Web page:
6. Philadelphia, PA
1 - 1.28

People coming to the country's "fattest city" don't just carry big stomachs (thank you, Mr. $5.50 cheesesteak), but also big wallets. It's more than South Philly's delicacies that ask people to pull out their pocketbooks; the city offers a ton of theater, sports, art (remember Rocky?), shopping, and parks. You can find bargains in thrift stores and food markets, but make no mistake: the eighth largest city is on the map as a bustling business center with all the expected accouterments for the finer life.

Take a stroll through Center City and in addition to the posh Rittenhouse Square apartments (topping the million dollar mark), you'll find Restaurant Row - a concentrated block of very expensive eateries - in addition to all the fancy-schmancy, Brooks Brother-y, Jones NY-y, shopping you want.

5. San Diego, CA
1 - 1.29

Why wouldn't people pay a whole bunch of money to live in San Diego? Its presence on clean, sunny beaches (without that L.A. smog) would do it for us. But here are the added bonuses of the most museums west of the Mississippi, some of the world's friendliest people, the famous San Diego Zoo, and even LegoLand.

The cost of living index is high, but that's because its economy is booming as the Internet tycoons of the Silicon Alley start buying winter homes there. And with the large number of IT/Telecommunications jobs in the area, many San Diego folks can stand the bump.

3. CITIES 4 - 2

4. Anchorage, AK
1 - 1.29

Alaska's largest city is perfect for people who are not only a little lucky in the cash department, but who also enjoy the outdoors a great deal. Hiking, biking, and fishing are favorites, but in Anchorage you can also dogsled, canoe, pan for gold, ski, take a hot air balloon ride, or try your skill at snowmobiling.

Note: Anchorage is not for the easily chilled. We're not kidding; the threat of frozen hands, toes and tushes doesn't stop people from taking the one-hour trek to Alaska's top attraction, the Portage Glacier, where the "coolest" (get it?) take "iceberg safaris." From Anchorage you can get to six other nearby glaciers for hiking, viewing, boating, ooooohing, and aaaaahhhhhing.

Why is it so expensive? Again, because it's tough to get the tons of modern conveniences and products that Anchoragites desire all the way up to that block of ice.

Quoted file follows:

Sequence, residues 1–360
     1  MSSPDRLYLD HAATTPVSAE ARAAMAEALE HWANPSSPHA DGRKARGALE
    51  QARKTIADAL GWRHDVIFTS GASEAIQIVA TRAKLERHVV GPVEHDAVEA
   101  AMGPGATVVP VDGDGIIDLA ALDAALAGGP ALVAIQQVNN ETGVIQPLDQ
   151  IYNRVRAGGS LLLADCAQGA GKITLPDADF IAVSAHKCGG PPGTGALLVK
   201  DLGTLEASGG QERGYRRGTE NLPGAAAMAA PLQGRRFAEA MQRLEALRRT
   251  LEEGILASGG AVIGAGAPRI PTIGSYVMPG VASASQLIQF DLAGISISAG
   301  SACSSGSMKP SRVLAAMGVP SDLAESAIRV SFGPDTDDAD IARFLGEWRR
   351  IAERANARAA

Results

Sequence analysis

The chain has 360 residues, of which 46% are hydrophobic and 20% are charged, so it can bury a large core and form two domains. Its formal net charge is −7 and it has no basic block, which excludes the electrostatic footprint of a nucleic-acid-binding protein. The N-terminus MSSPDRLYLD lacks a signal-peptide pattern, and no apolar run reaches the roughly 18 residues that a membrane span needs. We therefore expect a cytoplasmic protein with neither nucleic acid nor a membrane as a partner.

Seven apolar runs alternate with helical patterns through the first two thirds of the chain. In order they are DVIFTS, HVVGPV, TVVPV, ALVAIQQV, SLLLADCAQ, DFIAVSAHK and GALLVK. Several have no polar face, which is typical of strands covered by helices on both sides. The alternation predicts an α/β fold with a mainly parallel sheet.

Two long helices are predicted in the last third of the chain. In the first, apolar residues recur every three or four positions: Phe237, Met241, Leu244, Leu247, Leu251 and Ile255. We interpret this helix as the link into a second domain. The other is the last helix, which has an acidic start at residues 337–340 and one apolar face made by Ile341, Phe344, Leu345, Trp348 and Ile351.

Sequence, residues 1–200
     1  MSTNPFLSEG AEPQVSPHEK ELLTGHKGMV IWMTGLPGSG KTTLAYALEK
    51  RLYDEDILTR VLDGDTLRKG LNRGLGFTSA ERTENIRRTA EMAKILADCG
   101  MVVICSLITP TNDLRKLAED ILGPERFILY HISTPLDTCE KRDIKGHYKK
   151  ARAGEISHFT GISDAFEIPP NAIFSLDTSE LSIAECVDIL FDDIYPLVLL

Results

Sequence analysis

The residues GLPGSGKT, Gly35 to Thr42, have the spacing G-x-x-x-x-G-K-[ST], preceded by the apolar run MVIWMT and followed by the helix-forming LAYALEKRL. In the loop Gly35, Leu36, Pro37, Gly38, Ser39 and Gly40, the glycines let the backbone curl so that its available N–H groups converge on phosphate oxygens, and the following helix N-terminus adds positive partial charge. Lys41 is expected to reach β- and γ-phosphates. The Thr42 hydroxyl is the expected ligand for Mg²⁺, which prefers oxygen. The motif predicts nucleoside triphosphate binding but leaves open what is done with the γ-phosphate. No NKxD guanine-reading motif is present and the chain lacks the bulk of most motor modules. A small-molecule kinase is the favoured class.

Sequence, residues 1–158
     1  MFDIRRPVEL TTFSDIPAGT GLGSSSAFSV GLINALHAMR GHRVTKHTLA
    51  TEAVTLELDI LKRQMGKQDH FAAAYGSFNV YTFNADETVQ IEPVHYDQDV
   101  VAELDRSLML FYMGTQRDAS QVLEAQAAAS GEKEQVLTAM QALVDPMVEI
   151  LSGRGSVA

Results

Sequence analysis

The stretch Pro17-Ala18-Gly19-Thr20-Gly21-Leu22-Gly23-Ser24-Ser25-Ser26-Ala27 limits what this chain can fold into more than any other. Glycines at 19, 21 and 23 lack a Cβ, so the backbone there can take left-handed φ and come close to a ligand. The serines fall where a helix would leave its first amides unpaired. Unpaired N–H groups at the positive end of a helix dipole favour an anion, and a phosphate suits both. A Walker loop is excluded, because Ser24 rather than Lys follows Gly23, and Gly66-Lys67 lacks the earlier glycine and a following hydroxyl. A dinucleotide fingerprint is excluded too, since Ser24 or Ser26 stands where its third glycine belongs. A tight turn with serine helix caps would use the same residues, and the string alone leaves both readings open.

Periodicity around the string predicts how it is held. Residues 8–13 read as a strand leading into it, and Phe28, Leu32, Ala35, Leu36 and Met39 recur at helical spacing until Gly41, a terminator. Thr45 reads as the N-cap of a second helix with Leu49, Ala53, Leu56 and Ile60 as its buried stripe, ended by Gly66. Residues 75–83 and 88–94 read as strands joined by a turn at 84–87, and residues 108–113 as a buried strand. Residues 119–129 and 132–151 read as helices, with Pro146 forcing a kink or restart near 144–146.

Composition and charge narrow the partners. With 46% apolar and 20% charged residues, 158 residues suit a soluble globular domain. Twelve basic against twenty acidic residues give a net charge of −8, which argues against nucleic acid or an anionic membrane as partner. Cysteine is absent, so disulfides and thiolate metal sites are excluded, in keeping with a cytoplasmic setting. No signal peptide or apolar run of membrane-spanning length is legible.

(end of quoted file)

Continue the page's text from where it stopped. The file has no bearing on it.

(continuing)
3. Juneau, AK
1 - 1.33

Yes, another Alaskan town (and we refuse to explain again why stuff is expensive there). Alaska's capital city, now a "Naturalist's Paradise," is named for Joe Juneau, who found some gold in 1880 in the city's Quartz Gulch and Silverbow Basin - which led to a gold stampede when the good news spread. Back in the day, the gold mine in Juneau paid 2,000 men each $100 a month. In 63 years the Juneau Gold Belt produced close to $3 million in today's money in gold. Not too shabby.

2. Boston, MA
1 - 1.42

In Boston, you've got to pahk your cah neah the Hah-bah. But that's only if you have gas money left after you pay for everything else. Boston is, after all, 48% more expensive than most U.S. cities... and its professional's salaries don't make up the difference.

A real college town, a real trendy town, and a real laid-back town, the Bean Town is also a real expensive town. Those who can afford to do so hang their hats in the posh brownstones tucked beside Newberry Street's outdoor restaurants and trendy boutiques. But while apartments may be less costly in other areas of the city, rents are still usually among the country's highest, with one-bedrooms often topping $1000 per month.

Still, Bostonians get to enjoy seeing friendly faces, chowing down on the city's famous clam chow-dah ($5) and baked beans, and living it up in a young, liberal, fun city packed with our country's richest history and most exciting new culture.


1. New York, NY
1 - 2.08

We dare you to find a student discount that actually resembles a discount. We dare you to feel OK about shelling out nine bucks for a movie, 25 bucks for a club entrance, or 63 bucks for a monthly MetroCard. And we double dare you to find a "reasonably priced" apartment ($1,000/month) that isn't shoebox-sized and in a "questionable" neighborhood. And that's why NYC is full of rooms split into rooms split into rooms - because not everyone can make the salary of 40-50 grand needed to pay the rent.

And yet, we're willing to pay exorbitant prices for our own bites of the Big Apple.

Why? We dare you to give up the bright lights and top billings of Broadway, or the world-famous art housed in some of the world's best museums and galleries. Could you? How about skipping out on an hour-long jog through Central Park, a trip to Yankee or Shea Stadium, or a night out in the Village? It's OK… we can't give this stuff up either.